• MadTinkerer says:

            This is most definitely a Why-Haven’t-You-Bought-This-Yet-You-Loony game.

          • SkittleDiddler says:

            No, the developer’s “must cling to old-style play mechanics” philosophy necessitated it. There’s no reason (aside from budgetary constraints) why randomly-generated map design couldn’t have included the same complex puzzles.

            As I stated below, I lost interest in the game after my primary playthrough. I would have gladly payed $10 more for a robust random level generator.

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            jrodman says:

            A well-tended ordering and placement has advantages thtat random generation cannot provide.
            And vice versa.

          • Baresark says:

            @skittlediddler – procedural generated content has been around since the beginning of games. Having that in is clinging to old-style play mechanics. Having fully fleshed out levels and events is far more advanced and didn’t even come around till memory technology had advanced enough to allow this. Also, there is no way a procedural map could have had the same puzzle complexity. Think about the puzzles. The necessity to walk in the right path lest you transported back to the beginning that was outlined by a found scroll. Putting the right scroll on the right shelf… these things are complex and procedural generation cannot accomodate that. Also, take into account that all of the things are are randomly/procedural generated offer up just the rearranging of room tiles. D3 for example didn’t have puzzles. Nor D2 or D1. This game would have been terrible if it were that way.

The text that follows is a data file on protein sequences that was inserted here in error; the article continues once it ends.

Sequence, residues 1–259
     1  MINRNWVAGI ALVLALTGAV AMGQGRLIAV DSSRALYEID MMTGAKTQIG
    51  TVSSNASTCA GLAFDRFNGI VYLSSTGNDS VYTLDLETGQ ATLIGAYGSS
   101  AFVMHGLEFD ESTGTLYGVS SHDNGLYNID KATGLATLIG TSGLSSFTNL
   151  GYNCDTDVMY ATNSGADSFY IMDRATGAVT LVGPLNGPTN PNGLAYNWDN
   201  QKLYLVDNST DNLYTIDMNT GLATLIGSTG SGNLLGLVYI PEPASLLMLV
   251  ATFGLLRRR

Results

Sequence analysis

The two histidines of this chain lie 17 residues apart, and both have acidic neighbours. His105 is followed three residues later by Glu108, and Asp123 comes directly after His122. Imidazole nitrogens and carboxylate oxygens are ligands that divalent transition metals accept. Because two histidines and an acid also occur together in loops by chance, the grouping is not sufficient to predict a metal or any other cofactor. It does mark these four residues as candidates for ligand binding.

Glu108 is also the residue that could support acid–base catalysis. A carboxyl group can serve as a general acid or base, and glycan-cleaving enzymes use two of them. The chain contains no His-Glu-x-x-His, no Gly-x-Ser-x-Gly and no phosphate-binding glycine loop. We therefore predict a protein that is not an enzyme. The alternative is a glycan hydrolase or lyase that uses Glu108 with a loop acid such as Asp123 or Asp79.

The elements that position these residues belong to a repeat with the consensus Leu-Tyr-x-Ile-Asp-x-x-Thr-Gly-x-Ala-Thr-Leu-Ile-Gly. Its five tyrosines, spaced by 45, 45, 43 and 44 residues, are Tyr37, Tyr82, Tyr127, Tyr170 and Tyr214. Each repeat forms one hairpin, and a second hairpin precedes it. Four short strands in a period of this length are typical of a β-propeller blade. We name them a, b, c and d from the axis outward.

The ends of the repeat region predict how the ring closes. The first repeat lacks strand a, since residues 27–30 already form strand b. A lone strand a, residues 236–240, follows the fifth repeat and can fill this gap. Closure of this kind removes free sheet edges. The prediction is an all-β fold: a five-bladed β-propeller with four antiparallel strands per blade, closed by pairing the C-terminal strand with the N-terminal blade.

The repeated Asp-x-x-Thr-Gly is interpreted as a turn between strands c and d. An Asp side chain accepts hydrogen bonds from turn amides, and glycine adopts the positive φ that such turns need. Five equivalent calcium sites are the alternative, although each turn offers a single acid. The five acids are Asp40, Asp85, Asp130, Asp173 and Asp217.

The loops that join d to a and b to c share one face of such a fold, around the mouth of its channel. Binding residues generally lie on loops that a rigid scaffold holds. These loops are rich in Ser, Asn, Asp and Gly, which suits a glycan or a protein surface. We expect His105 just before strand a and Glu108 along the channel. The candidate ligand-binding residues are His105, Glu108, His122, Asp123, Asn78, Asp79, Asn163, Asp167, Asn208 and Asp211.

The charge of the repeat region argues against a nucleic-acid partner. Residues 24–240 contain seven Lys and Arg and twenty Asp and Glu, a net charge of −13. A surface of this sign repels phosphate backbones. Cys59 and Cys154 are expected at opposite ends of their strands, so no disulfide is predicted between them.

• SkittleDiddler says:

            Baresark: so you’re saying complex puzzle mechanics can’t be done in a procedurally-generated video game? Sorry, I call bullshit — I won’t pretend to be an expert in the field of coding and game development, but you seem to think that since it hasn’t been done before means that it can never be done. Why couldn’t a properly developed engine be capable of pulling it off?